More than half of these organisations have been hit more than once, and 3% say they have been hit more than 10 times, according to the YouGov survey commissioned by UK-based global commercial and business insurance broker SJL Insurance.
The bulk of those respondents (87%) that knew how much the business had suffered financially as a result of their most recent cyber attack reported losses of up to £99,999.
At the upper end of the scale, 9% reported losses of between £100,000 and £499,999, while 2% reported losses of up to £250m. In all cases, losses include direct losses as well as remediation and repair costs and other costs associated with dealing with the attack and restoring reputational damage.
Despite these losses, the survey found that only 39% of businesses affected by cybercrime had cyber insurance at the time of the most recent attack, with 53% admitting they did not have cyber insurance and 8% saying they did not know or could not remember.
At least 46% of senior decision-makers said their business had never had cyber insurance, which is putting UK businesses at a higher level of unnecessary risk, with a further 31% not knowing, which means up to 77% may never have had cyber insurance.
According to the report, the losses reported by some companies would be enough to put others out of business, highlighting the need for appropriate cyber insurance tailored to specific business risks.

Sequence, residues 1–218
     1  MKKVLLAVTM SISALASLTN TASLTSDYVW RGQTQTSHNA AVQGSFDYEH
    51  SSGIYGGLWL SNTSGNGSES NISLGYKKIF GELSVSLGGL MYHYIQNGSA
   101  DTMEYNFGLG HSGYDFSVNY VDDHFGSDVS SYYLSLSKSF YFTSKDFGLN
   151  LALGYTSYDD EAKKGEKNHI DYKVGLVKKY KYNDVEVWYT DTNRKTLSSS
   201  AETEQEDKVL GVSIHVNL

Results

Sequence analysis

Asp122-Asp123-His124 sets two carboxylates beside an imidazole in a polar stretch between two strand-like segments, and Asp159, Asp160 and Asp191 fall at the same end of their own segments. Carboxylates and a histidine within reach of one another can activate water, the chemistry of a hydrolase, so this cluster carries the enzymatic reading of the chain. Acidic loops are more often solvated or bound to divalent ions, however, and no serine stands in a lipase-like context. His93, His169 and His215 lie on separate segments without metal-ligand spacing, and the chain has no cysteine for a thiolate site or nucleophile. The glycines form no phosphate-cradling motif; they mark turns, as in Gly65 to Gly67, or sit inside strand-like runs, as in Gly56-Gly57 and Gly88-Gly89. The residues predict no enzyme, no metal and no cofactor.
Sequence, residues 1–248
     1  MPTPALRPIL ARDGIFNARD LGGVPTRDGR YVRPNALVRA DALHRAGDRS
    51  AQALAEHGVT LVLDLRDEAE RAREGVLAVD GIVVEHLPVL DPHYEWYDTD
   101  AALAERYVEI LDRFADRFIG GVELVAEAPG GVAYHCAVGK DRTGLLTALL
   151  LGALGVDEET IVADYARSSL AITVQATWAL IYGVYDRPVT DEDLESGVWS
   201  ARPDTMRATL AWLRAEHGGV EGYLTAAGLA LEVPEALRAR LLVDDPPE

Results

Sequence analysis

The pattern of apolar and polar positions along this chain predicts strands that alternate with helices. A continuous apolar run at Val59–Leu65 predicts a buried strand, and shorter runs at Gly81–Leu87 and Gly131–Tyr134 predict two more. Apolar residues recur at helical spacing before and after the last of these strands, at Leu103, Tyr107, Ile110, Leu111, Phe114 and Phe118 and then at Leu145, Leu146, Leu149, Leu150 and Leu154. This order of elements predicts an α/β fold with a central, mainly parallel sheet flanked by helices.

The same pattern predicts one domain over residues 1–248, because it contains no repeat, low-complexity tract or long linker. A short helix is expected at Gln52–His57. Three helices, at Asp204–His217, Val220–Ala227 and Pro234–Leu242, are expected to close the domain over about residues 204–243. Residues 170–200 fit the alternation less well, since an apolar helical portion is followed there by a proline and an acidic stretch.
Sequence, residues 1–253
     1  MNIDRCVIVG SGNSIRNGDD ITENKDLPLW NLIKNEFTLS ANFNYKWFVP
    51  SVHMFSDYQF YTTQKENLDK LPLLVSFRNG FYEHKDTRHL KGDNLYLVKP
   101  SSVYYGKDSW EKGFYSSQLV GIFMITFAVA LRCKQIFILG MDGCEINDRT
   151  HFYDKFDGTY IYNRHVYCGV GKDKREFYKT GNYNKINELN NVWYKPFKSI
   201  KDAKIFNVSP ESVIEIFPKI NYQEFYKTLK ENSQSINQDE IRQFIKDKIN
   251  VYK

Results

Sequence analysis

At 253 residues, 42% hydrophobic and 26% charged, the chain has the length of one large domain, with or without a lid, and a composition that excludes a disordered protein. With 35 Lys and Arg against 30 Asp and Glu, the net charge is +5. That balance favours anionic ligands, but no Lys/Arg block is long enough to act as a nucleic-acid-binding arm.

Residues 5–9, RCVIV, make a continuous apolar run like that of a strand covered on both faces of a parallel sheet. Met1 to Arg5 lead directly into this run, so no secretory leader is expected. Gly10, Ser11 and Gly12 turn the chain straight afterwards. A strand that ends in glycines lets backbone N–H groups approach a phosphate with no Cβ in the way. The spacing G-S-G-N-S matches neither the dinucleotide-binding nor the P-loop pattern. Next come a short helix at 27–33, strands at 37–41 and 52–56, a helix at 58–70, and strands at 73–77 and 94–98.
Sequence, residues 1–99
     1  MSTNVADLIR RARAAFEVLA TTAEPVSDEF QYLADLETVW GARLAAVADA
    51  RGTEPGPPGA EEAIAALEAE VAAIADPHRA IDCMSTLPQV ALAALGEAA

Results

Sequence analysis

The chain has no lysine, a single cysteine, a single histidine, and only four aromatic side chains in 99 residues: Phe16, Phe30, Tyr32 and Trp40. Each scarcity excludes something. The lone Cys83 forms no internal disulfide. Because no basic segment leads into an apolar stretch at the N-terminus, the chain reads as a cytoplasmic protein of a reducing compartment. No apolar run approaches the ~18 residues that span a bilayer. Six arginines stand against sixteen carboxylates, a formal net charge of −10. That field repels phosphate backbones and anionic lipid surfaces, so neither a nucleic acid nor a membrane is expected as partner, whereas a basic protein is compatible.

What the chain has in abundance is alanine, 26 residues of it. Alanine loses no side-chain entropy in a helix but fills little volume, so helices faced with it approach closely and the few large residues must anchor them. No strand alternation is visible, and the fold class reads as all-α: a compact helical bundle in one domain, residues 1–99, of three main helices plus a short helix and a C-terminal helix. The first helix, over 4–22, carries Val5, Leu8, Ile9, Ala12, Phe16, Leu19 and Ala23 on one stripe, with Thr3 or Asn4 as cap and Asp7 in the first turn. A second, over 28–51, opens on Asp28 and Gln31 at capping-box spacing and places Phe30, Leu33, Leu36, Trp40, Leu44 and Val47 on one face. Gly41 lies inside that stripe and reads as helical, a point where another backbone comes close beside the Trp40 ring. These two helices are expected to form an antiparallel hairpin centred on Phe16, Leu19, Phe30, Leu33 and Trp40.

Simon Lancaster, CEO of SJL Insurance, said the survey had found some alarming trends, both in how many businesses had suffered a cyber loss and how many had inadequate insurance protection against losses.
“We are keen to educate companies about how they can protect themselves against this emerging threat, in the same way as they do against traditional losses such as fire and theft,” he said.
Lancaster said he was “on a mission” to help UK firms have a better chance of making a successful insurance claim and advising them how to protect themselves.
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“We have discovered that many companies take out cyber insurance as an add-on policy on the back of their professional indemnity insurance, but these usually do not cover the company robustly,” he said.
Lancaster pointed out that commercial insurance brokers can carry out a risk analysis of businesses to source the correct cyber policy that, in addition to third-party liability, covers them for action taken against them arising from a cyber event.
He said cyber insurance should include business interruption cover, cover for cyber incidents experienced by suppliers, and accidental cover for accidents caused by a member of staff.
Rob Shapland, the ethical hacker at Falanx Cyber, said the survey findings emphasise the risk that businesses of all sizes are facing from cybercrime and the financial implications of not being prepared.
“Relatively small investments in cyber defences, such as awareness training for staff, regular penetration testing and managed detection and response services, can ensure that not only is the business protected, but also has the ability to respond appropriately should an attack occur,” he said.
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